Sunday, March 08, 2015

Agricultural policy in El Salvador

A few recent articles on the blogs of NGOs operating in El Salvador illustrate some positives and negatives of agricultural policy in El Salvador.   On the blog of EcoViva appears a story titled Farmer cooperatives, not Monsanto, supply El Salvador with seed, which focuses on the Salvadoran government's decision to source corn seed locally: 
This week, the Ministry of Agriculture released a new round of contracts to provide seed to subsistence farmers nationwide through its Family Agriculture Program. Last year, over 560,000 family farmers across El Salvador planted corn and bean seed as part of the government’s efforts to revitalize small scale agriculture, and ensure food security in the rural marketplace. Drought conditions across the country made access to seed all the more vital for rural livelihoods, making the seed packets supplied through the government program the primary means for thousands of families to put food on the table. 
In 2015, rural cooperatives and national associations will produce nearly 50% of the government’s corn seed supply, with 8% coming from native seed—a record high. In the Lower Lempa, where seven farmer organizations have produced corn seed since 2012, this means over 4,000 jobs and income for rural households, primarily employing women and young adults. The public procurement of seed—or the government’s purchasing power through contracts—signifies over $25 million for a rural economy still struggling to diversify and gain traction. 
The success of locally-bred seed varieties, compounded with their low production costs, allowed the Family Agriculture Program to contribute to historically high yields nationwide for corn and beans. Last year, more farmers produced more corn and beans at the most efficient yield per acreage than any other year over the last decade. This has also led to a significant adjustment in El Salvador’s trade balance on corn: Imports of white corn in 2014 were a full 94% less than 2011. (more).
This program has been part of am emphasis in El Salvador to increase food sovereignty, to sustain small farmers, and to make the country less subject to the vagaries of foreign crop and commodity prices.

At the same time, the government is promoting a very different kind of agriculture, sugar cane production, with the risk of serious adverse consequences.   From an article titled Is Selling Sugar to China Really Such a Sweet Deal for El Salvador? on the Voices on the Border blog:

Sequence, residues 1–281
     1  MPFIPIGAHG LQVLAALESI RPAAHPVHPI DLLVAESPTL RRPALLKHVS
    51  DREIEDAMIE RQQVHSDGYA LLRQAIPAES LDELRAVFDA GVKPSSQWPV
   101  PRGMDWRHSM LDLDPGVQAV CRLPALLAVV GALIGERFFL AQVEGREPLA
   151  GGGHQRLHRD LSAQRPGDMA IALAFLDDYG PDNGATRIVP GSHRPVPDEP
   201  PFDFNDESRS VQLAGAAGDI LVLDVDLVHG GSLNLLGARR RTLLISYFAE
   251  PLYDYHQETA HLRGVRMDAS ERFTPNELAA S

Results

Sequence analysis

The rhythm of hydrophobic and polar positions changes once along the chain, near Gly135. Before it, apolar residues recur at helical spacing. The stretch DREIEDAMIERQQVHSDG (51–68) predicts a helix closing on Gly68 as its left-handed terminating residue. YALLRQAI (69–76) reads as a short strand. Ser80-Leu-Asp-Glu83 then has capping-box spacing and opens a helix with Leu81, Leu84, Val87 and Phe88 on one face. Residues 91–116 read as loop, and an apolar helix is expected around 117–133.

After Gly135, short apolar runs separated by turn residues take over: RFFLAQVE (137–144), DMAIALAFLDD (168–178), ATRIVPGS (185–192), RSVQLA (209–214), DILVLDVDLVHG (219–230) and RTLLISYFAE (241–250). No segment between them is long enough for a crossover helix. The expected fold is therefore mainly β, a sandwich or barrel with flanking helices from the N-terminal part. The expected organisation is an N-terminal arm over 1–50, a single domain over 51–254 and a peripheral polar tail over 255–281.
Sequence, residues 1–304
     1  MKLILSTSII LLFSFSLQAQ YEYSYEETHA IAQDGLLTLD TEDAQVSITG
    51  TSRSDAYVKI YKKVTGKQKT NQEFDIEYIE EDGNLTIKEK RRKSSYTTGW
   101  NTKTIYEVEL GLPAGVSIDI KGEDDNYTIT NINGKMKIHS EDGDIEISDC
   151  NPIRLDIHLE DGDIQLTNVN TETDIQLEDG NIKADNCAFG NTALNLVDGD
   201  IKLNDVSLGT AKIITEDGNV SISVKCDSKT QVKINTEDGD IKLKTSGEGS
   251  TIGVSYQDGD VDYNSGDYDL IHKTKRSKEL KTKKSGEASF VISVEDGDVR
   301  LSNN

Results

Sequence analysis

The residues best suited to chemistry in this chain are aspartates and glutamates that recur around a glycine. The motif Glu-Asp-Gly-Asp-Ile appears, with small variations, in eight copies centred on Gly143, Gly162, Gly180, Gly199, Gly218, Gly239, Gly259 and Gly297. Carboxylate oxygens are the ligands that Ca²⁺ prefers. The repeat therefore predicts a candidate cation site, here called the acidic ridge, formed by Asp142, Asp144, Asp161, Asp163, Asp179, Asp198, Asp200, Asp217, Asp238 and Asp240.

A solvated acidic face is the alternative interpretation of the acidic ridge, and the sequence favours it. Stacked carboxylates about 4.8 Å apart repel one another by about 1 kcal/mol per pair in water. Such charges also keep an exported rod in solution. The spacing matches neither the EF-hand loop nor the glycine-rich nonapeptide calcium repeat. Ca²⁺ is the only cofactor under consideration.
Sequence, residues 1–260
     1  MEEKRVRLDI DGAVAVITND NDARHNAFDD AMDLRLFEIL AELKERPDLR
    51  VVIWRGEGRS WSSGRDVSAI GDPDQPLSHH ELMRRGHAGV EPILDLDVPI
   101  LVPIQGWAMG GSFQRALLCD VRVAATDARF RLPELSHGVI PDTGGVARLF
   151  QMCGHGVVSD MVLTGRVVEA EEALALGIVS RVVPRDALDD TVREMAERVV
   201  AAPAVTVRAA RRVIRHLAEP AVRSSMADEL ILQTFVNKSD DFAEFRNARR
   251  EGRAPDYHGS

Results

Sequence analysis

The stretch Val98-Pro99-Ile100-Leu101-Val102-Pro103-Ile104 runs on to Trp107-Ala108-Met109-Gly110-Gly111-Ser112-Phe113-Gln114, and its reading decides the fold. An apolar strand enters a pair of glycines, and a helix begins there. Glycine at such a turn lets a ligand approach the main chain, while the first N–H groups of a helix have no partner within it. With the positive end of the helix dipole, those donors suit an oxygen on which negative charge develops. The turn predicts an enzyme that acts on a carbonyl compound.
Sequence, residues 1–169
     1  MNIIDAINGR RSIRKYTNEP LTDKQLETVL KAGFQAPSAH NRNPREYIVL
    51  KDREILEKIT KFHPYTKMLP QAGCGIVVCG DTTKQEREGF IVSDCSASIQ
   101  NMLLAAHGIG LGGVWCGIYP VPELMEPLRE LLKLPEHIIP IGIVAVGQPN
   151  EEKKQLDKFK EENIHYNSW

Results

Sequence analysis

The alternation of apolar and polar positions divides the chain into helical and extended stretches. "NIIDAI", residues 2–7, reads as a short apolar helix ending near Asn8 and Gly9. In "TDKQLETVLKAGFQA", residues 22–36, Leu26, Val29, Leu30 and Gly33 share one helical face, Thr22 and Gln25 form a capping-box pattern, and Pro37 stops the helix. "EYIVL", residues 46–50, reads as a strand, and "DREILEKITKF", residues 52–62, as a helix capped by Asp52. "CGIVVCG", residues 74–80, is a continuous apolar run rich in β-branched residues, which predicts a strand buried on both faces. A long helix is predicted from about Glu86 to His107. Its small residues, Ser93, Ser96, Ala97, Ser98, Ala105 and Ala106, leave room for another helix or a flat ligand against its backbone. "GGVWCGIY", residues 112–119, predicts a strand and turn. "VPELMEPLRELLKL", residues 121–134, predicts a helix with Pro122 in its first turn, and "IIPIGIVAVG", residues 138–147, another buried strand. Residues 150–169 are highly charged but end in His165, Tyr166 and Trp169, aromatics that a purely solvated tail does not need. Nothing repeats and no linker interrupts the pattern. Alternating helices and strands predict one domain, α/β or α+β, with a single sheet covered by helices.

Salvadoran government officials recently announced a deal to export 52,000 tons of sugar (12% of the country’s annual production) to China in a deal worth $15-20 million to local producers. El Salvador has sold sugar to South Korea, Taiwan, the U.S., Mexico, Canada, Indonesia, and the European Union, but this is the first time exporting to China. 
With Partnership for Growth pressing El Salvador to produce more exports, sugarcane has become a larger part of the country’s economic plan. Already, sugarcane production has created 50,000 direct jobs and 200,000 more indirect jobs. This week Vice President Oscar Ortiz said “This is the key, this is the solution for our country: to diversify our production of exports. We are unable to be alone in a market, we have to be open to a variety of markets and in this direction we have to have the ability to improve our process of commercialization.” 
Exporting $15-20 million of sugar to China and creating 250,000 jobs may sound like a sweet deal, but El Salvador is paying a substantial price. In addition to labor, agrochemicals, machinery, processing, and shipping, there are enormous costs related to the environment, public health, food sovereignty, and local culture. The individuals and corporations profiting from sugarcane exports don’t pay these costs. Instead they pass the debt on to the country’s poor who earn sub-poverty wages, suffer from chronic renal failure and other diseases, live in depleted ecosystems, struggle to feed their families, and are forced to migrate to urban areas. (more)
The article goes on to describe some of the human and environmental costs of sugar cane production on monoculture plantations where workers earn $3.94 /day for 14 hour days in some of the most physically demanding of all agricultural jobs, in fields where there is intensive use of agrochemicals.  Sugar cane, of course, is an industry of large scale agro-businesses, and not a crop of the small scale family farmer.

Until the owners of sugar cane plantations are required to bear the full cost of paying living wages to their workers and remedying environmental damage caused by the intensive agricultural practices, it can't be said that promoting sugar cane exports is a good deal for El Salvador.  

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